It’s always a little unsettling when one of a company’s top executives resigns. That’s just happened with fast-moving consumer goods outfit PZ Cussons (LSE: PZC), which is a stalwart of the FTSE 250 index.
Today’s announcement reveals Brandon Leigh – the firm’s chief financial officer (CFO) – “has resigned and has stepped down from the Board with immediate effect.”
A decent trading update
It’s a big deal because the chief financial officer is often number-two in charge of a company – if PZ Cussons were the government, this is like the chancellor of the exchequer putting in his resignation letter.
Leigh has been with the firm for more than 22 years and became a director in 2006. Chair Caroline Silver said in the announcement he “played a leading role in the Company’s development since that time.” For context, the share price is up just over 40% since the beginning of 2006 and shareholders have also enjoyed decent dividend income along the way.
Pending the appointment of a new CFO, Leigh’s responsibilities will be taken on by Alan Bergin, the commercial finance director, with help from the chief executive. In the short term, I don’t think this news changes anything about the case for investing in PZ Cussons because the reasons for Leigh’s sudden departure don’t appear to be in the public domain. Of more relevance is the trading update the firm released today alongside the resignation announcement.
The update relates to the trading year ended 31 May, which is a general note that the company is trading in line with previous expectations. City analysts following the firm expect earnings to lift by high single-digit percentages during the current year to May 2020, and again the year after that.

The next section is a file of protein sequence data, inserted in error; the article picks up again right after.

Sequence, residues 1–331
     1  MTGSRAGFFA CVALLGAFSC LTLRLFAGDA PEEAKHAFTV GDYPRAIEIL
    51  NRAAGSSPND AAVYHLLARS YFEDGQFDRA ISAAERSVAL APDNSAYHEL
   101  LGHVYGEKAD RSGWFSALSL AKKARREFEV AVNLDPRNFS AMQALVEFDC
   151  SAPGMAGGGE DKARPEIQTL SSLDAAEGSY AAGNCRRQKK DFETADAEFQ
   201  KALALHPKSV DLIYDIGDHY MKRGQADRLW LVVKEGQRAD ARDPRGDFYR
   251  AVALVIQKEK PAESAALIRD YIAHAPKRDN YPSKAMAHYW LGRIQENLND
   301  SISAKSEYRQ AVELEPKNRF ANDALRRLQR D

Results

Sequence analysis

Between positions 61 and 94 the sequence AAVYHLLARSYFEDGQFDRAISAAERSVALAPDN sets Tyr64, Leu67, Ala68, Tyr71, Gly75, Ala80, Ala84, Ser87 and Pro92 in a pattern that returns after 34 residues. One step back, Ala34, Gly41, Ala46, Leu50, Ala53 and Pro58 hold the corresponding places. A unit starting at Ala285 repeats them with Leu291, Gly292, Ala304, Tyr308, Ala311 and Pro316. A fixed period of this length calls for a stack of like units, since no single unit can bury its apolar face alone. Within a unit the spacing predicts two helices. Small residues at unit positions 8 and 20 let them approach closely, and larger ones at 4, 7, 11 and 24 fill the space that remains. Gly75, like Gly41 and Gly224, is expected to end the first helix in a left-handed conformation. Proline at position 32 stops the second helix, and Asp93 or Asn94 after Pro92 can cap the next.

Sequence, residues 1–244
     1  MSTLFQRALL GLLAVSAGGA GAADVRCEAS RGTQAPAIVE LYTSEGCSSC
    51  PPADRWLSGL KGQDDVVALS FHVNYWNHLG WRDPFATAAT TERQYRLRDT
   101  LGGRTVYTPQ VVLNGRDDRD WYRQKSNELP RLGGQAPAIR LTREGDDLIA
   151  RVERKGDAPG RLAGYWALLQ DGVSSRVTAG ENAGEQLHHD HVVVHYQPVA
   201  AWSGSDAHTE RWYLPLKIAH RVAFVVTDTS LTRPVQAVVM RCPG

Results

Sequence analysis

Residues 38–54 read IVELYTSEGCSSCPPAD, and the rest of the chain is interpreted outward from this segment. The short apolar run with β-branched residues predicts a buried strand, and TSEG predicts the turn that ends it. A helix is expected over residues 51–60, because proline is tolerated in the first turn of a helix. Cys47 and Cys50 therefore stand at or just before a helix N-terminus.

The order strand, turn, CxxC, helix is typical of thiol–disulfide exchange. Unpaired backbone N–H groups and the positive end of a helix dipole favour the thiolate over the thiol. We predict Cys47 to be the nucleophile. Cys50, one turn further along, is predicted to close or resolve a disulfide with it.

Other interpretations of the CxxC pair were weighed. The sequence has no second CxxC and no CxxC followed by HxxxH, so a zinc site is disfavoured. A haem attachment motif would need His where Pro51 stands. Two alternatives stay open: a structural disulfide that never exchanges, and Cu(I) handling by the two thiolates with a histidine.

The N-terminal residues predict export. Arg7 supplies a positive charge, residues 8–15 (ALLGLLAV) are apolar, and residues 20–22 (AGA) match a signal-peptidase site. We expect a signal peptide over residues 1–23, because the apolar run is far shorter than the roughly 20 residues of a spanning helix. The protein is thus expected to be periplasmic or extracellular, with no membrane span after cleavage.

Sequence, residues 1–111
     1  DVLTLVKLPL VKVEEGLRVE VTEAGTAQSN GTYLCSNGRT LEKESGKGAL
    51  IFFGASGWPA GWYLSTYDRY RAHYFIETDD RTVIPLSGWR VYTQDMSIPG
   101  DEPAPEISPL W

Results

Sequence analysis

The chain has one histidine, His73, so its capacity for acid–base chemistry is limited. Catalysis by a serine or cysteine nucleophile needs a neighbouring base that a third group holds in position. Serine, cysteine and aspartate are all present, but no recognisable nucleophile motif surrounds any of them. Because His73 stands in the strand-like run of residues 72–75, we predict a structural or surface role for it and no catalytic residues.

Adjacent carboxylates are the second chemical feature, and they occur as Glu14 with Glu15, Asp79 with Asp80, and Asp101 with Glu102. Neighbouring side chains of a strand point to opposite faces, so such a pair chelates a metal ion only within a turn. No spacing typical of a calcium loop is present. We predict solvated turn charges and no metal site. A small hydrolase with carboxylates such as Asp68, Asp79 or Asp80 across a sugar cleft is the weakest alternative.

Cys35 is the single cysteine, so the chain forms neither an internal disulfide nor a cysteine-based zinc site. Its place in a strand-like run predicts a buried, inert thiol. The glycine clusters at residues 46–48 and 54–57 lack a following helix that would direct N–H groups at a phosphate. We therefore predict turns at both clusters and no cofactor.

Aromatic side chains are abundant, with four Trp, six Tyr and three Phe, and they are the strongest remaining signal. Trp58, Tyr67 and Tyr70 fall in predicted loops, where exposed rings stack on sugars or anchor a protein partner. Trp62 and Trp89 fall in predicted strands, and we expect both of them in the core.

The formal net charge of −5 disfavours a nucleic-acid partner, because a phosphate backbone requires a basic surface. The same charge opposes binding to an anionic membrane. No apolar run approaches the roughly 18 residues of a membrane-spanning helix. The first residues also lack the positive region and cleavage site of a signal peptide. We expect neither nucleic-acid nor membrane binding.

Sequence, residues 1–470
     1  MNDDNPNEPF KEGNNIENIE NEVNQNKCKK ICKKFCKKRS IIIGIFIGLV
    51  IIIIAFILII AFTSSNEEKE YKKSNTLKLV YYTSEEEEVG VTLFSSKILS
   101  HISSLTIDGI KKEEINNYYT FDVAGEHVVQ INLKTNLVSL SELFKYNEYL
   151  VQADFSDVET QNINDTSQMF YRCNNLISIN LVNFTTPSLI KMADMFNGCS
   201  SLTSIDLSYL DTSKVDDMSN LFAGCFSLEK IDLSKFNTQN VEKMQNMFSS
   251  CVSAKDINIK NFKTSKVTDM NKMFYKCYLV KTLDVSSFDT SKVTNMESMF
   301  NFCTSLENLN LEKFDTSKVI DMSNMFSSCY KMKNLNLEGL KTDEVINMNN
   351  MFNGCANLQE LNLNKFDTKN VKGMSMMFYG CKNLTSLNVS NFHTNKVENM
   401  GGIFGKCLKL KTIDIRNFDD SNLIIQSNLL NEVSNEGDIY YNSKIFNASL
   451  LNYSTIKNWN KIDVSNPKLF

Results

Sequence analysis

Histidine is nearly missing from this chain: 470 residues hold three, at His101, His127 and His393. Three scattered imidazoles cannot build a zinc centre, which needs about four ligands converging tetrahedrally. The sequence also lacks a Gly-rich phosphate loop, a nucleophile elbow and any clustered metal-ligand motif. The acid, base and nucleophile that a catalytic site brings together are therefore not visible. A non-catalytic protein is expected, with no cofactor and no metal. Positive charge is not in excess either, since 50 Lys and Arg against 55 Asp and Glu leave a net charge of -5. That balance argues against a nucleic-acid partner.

The company is seeing “resilient” performance in Europe and Asia “driven by product innovation and renovation as well as distribution expansion.” The beauty division is also performing “particularly well.” Meanwhile, it’s no secret that Cussons has been having trouble with trading in Africa, which reflects in the way the shares have dropped from a peak above 420p in the autumn of 2013 to just 199p today, as I write.
The stock looks up with events
Recent results from Africa continue to be “disappointing,” which the firm puts down to “the macroeconomic situation in Nigeria and the challenging conditions at the port.” Last year, around 30% of overall revenue originated in Africa, but only about 2% of the overall operating profit. It seems to me there could be plenty of potential for future recovery in the Africa operation. Alternatively, it’s possible that Cussons could withdraw from the region, given that earnings there are so low.
However, I think the stock is well up with events in Africa and the current valuation isn’t outrageous given the firm’s overall steady cash-generating qualities. The forward-looking price-to-earnings ratio for the trading year to May 2020 runs just below 16 and the anticipated dividend yield is around 4.3%.
The company has a good record of raising its dividend a little every year, even with the ongoing situation in Africa. I see this one as troubled, but attractive.
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Kevin Godbold has no position in any share mentioned. The Motley Fool UK owns shares of PZ Cussons. Views expressed on the companies mentioned in this article are those of the writer and therefore may differ from the official recommendations we make in our subscription services such as Share Advisor, Hidden Winners and Pro. Here at The Motley Fool we believe that considering a diverse range of insights makes us better investors.